|US247229 *||Dec 10, 1880||Sep 20, 1881||Apparatus for lighting dwellings or other structures|
|US1351562 *||Sep 10, 1919||Aug 31, 1920||J B Wadman||Illusion apparatus|
|US1633228 *||Apr 8, 1926||Jun 21, 1927||Rogers Elwood C||Photographic enlarger|
|US1880414 *||Jan 3, 1930||Oct 4, 1932||Eastman Kodak Co||Illuminating system for photographic apparatus|
|US2186143 *||Mar 9, 1939||Jan 9, 1940||Edwin A Neugass||Illuminator|
|US3273451 *||Dec 17, 1963||Sep 20, 1966||Wilson Frederick E||Photographic apparatus|
|US3469914 *||Nov 4, 1966||Sep 30, 1969||Thomson Charles Leslie||Enlarger head for use with variable contrast paper|
|US3756712 *||Dec 14, 1971||Sep 4, 1973||Berkey Photo Inc||Illumination system for color enlargers and the like|
|US3817617 *||Dec 19, 1972||Jun 18, 1974||Agfa Gevaert Ag||Photographic copying arrangement with automatic diaphragm control|
|US3831021 *||Jun 4, 1973||Aug 20, 1974||Durst Ag||Illuminating device, particularly for photographic enlarging apparatus|
|US4023903 *||Aug 11, 1975||May 17, 1977||Bell & Howell Company||Light composer for providing even field illumination and diffuse light|
|CS74054A *||Title not available|
|Citing Patent||Filing date||Publication date||Applicant||Title|
|US4188111 *||Sep 15, 1978||Feb 12, 1980||Kreonite, Inc.||Additive tri-color lamphouse for a photographic printer|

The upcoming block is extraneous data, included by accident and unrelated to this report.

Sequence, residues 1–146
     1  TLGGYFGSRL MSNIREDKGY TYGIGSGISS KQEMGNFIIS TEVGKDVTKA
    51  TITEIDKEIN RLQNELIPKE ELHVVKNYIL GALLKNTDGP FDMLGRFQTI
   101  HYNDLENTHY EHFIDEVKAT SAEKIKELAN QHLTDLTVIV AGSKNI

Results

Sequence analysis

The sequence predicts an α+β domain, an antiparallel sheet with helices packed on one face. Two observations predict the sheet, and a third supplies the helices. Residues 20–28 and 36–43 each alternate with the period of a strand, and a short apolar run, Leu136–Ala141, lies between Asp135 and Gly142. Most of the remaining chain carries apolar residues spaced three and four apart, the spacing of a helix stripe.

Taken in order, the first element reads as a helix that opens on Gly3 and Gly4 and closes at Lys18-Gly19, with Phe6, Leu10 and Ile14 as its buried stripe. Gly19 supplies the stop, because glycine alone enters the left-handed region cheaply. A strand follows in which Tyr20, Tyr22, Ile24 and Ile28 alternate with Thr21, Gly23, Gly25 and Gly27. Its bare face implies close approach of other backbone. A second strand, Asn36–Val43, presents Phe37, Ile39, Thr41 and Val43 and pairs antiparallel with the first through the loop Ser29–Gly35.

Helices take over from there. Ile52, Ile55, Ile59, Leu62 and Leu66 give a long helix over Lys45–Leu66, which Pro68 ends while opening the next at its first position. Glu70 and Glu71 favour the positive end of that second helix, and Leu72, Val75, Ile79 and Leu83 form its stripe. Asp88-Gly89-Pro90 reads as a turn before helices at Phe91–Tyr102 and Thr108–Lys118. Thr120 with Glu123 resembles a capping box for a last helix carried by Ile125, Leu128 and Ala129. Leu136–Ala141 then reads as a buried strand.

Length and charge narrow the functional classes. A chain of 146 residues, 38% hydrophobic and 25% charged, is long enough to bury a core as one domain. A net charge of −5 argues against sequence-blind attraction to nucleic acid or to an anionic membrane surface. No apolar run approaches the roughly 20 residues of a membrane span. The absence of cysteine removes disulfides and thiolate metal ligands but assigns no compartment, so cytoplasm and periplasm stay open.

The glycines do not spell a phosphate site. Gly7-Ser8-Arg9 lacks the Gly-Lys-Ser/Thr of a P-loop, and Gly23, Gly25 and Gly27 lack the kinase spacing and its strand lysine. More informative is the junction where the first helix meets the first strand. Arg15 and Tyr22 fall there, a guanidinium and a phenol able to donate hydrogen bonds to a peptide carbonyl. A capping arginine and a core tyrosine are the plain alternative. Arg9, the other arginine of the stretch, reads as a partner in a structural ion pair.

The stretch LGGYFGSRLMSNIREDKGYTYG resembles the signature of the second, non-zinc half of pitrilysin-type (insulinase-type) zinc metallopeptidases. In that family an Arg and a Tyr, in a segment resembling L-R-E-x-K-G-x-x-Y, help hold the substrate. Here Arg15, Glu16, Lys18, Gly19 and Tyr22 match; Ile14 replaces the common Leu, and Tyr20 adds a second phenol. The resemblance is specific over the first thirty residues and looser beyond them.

|US4371258 *||Aug 21, 1981||Feb 1, 1983||Gretag Aktiengesellschaft||Illuminating device for photographic copying apparatus|
|US4372667 *||Apr 14, 1981||Feb 8, 1983||Claude Cattelani||Manual additive lamphouse for aerial images of caption stands and optical printers|
|US4372678 *||Mar 5, 1981||Feb 8, 1983||Ciba-Geigy Ag||Light-mixing system|
|US4408873 *||Dec 8, 1980||Oct 11, 1983||Labrum Ervin D||Color correction adapter for photographic enlargers|
|US4441783 *||Sep 23, 1982||Apr 10, 1984||Science Applications, Inc.||Vessel navigation lights|
|US4640609 *||Jul 30, 1984||Feb 3, 1987||Minolta Camera Kabushiki Kaisha||Light source for a color enlargement|
|US4669817 *||Jan 31, 1984||Jun 2, 1987||Kei Mori||Apparatus for time-sharing light distribution|
|US4905039 *||Jan 13, 1989||Feb 27, 1990||Fuji Photo Film Co., Ltd.||Color image exposure apparatus|
|US5084714 *||Nov 28, 1990||Jan 28, 1992||Eastman Kodak Company||Narrow led printheads and gradient index lens array for use therewith|
|US5416542 *||May 2, 1994||May 16, 1995||Guerrant; George H.||Apparatus for use in projecting a picture image onto a remote surface|
|US6271941||May 22, 1998||Aug 7, 2001||Eastman Kodak Company||Illuminant head assembly for a photographic film image scanner|
|U.S. Classification||355/1, 359/889, 355/35, 385/28, 355/71|
|Nov 6, 2007||AS||Assignment|
Owner name: SILVER POINT FINANCE, LLC, AS COLLATERAL AGENT, CO
Free format text: GRANT OF SECURITY INTEREST;ASSIGNOR:VIVITAR CORPORATION;REEL/FRAME:020072/0247
Effective date: 20071026